Book Discussion Kits
The Plainfield Public Library has a growing collection of Book Discussion Kits available to lend to our patrons and fellow libraries who are seeking multiple copies of books for discussion. New titles are added periodically and each discussion set contains between 10-12 books. Contact the Adult Services Desk at email@example.com if you are interested in borrowing a kit.
A-C| D-F| G-I| J-L| M-O| P-R| S-U| V-Z
More discussion kits will be available over the coming year. Contact the Adult Services Desk at firstname.lastname@example.org if you are interested in borrowing a “Book Club in a Bag”.
Looking for eBooks? Check out our eBooks & Streaming page for digital copies of your next book club read (library card required). You can also check out hoopla’s Book Club Hub for discussion guides, author Q&As, recommended reading, meeting planners, and other resources for hosting clubs in person or virtually.
And Then There Were None
by Agatha Christie
Ten people, each with something to hide and something to fear, are invited to a isolated mansion on Indian Island by a host who, surprisingly, fails to appear. On the island they are cut off from everything but each other and the inescapable shadows of their own past lives. One by one, the guests share the darkest secrets of their wicked pasts. And one by one, they die…
Any Other Family
by Eleanor Brown
Though they look like any other family, they aren’t one—not quite. They are three sets of parents who find themselves intertwined after adopting four biological siblings, having committed to keeping the children as connected as possible. At the heart of the family, the adoptive mothers grapple to define themselves and their new roles. Tabitha, who adopted the twins, crowns herself planner of the group, responsible for endless playdates and holidays, determined to create a perfect happy family. Quiet and steady Ginger, single mother to the eldest daughter, is wary of the way these complicated not-fully-family relationships test her long held boundaries. And Elizabeth, still reeling from rounds of failed IVF, is terrified that her unhappiness after adopting a newborn means she was not meant to be a mother at all. As they set out on their first family vacation, all three are pushed into uncomfortably close quarters. And when they receive a call from their children’s birth mother announcing she is pregnant again, the delicate bonds the women are struggling to form threaten to collapse as they each must consider how a family is found and formed.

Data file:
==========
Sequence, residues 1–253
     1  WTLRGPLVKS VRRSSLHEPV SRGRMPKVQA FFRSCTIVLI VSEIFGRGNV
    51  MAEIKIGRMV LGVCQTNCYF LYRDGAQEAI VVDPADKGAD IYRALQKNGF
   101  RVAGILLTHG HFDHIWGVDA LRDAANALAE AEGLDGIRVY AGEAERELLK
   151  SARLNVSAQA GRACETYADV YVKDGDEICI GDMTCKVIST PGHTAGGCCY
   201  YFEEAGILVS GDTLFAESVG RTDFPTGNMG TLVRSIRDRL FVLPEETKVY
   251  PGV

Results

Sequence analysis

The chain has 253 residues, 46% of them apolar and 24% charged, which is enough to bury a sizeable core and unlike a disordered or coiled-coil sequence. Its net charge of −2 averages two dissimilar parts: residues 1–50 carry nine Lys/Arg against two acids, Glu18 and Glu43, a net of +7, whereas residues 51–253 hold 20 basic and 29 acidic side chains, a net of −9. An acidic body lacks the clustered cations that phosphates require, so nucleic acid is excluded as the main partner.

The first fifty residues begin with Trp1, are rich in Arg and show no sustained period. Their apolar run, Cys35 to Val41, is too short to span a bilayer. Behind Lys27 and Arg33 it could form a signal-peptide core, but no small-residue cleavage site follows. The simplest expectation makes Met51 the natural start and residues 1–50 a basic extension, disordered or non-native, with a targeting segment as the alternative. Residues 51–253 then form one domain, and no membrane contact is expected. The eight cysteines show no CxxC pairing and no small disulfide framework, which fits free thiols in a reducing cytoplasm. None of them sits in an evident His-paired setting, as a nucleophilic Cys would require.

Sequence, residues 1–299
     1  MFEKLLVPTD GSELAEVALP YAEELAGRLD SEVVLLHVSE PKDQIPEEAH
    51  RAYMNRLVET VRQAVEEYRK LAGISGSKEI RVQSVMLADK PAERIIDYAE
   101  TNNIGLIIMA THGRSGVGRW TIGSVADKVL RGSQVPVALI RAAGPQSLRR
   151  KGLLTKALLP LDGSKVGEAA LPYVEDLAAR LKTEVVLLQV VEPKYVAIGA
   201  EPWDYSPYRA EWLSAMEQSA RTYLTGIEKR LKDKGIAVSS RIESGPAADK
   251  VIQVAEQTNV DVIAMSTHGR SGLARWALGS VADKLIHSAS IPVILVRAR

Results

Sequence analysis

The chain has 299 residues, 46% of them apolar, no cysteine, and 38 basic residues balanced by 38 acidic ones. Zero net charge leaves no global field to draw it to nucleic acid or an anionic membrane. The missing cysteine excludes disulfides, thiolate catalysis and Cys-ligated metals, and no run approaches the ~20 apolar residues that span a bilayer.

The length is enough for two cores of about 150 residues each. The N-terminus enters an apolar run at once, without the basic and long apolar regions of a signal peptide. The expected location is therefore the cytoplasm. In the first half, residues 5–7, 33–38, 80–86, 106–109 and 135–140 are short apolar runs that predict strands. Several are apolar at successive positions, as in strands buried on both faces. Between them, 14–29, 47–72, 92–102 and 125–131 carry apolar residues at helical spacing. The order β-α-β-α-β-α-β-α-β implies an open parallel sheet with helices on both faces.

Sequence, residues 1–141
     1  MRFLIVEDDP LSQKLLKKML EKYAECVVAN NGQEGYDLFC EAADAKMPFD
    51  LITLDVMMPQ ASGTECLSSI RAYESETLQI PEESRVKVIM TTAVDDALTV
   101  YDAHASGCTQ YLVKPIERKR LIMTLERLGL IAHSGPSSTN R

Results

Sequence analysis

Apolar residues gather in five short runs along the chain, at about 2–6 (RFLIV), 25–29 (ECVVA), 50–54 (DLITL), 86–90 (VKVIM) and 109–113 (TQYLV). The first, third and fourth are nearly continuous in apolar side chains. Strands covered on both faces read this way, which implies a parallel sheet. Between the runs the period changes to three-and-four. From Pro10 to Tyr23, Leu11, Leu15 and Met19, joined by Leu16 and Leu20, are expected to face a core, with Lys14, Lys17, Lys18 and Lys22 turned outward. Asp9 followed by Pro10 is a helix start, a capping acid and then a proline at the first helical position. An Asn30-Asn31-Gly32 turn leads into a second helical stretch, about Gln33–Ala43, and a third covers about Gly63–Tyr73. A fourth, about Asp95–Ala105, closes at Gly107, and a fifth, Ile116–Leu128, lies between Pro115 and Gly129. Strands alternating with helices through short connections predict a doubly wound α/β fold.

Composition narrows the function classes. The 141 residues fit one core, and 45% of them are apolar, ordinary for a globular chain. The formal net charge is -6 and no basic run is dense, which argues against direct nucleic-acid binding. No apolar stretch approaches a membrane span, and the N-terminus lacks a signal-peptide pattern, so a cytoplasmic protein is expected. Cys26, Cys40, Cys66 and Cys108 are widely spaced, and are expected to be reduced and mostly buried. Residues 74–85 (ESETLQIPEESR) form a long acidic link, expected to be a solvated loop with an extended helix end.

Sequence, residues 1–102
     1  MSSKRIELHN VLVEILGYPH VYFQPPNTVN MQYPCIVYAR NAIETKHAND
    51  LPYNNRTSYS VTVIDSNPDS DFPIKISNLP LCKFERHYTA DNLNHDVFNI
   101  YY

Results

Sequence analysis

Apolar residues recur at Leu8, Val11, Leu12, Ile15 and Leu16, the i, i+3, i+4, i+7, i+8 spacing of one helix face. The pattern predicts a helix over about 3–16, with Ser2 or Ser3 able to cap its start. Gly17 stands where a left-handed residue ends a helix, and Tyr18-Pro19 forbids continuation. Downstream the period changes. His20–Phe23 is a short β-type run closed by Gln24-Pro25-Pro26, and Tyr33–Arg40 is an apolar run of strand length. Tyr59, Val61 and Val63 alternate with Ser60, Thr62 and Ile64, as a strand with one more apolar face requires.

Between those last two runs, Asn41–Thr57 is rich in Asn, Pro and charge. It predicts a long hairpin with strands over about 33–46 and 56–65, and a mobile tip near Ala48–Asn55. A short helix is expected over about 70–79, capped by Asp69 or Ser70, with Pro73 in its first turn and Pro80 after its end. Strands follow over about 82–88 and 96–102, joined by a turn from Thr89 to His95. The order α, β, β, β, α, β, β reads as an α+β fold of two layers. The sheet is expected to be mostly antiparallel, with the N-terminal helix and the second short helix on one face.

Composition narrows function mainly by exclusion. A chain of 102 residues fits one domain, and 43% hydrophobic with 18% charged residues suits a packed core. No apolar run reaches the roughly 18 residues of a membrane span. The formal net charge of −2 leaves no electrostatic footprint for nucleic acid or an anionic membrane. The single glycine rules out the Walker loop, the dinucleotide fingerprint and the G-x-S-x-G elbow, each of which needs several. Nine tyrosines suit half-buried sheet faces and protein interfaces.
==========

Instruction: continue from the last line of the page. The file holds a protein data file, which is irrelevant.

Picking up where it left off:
Book of Lost Friends, The
by Lisa Wingate
Louisiana, 1875:In the tumultuous era of Reconstruction, three young women set off as unwilling companions on a perilous quest: Hannie, a freed slave; Lavinia, the pampered heir to a now destitute plantation; and Juneau Jane, Lavinia’s Creole half sister. Each carries private wounds and powerful secrets as they head for Texas, following roads rife with vigilantes and soldiers still fighting a war lost a decade before. For Lavinia and Juneau Jane, the journey is one of stolen inheritance and financial desperation, but for Hannie, torn from her mother and siblings before slavery’s end, the pilgrimage west reignites an agonizing question: Could her long-lost family still be out there? Beyond the swamps lie the limitless frontiers of Texas and, improbably, hope.
Louisiana, 1987:For first-year teacher Benedetta Silva, a subsidized job at a poor rural school seems like the ticket to canceling her hefty student debt—until she lands in a tiny, out-of-step Mississippi River town. Augustine, Louisiana, is suspicious of new ideas and new people, and Benny can scarcely comprehend the lives of her poverty-stricken students. But amid the gnarled live oaks and run-down plantation homes lie the century-old history of three young women, a long-ago journey, and a hidden book that could change everything.
Book Woman of Troublesome Creek, The
by Kim Michele Richardson
The hardscrabble folks of Troublesome Creek have to scrap for everything—everything except books, that is. Thanks to Roosevelt’s Kentucky Pack Horse Library Project, Troublesome’s got its very own traveling librarian, Cussy Mary Carter. Cussy’s not only a book woman, however, she’s also the last of her kind, her skin a shade of blue unlike most anyone else. Not everyone is keen on Cussy’s family or the Library Project, and a Blue is often blamed for any whiff of trouble. If Cussy wants to bring the joy of books to the hill folks, she’s going to have to confront prejudice as old as the Appalachias and suspicion as deep as the holler.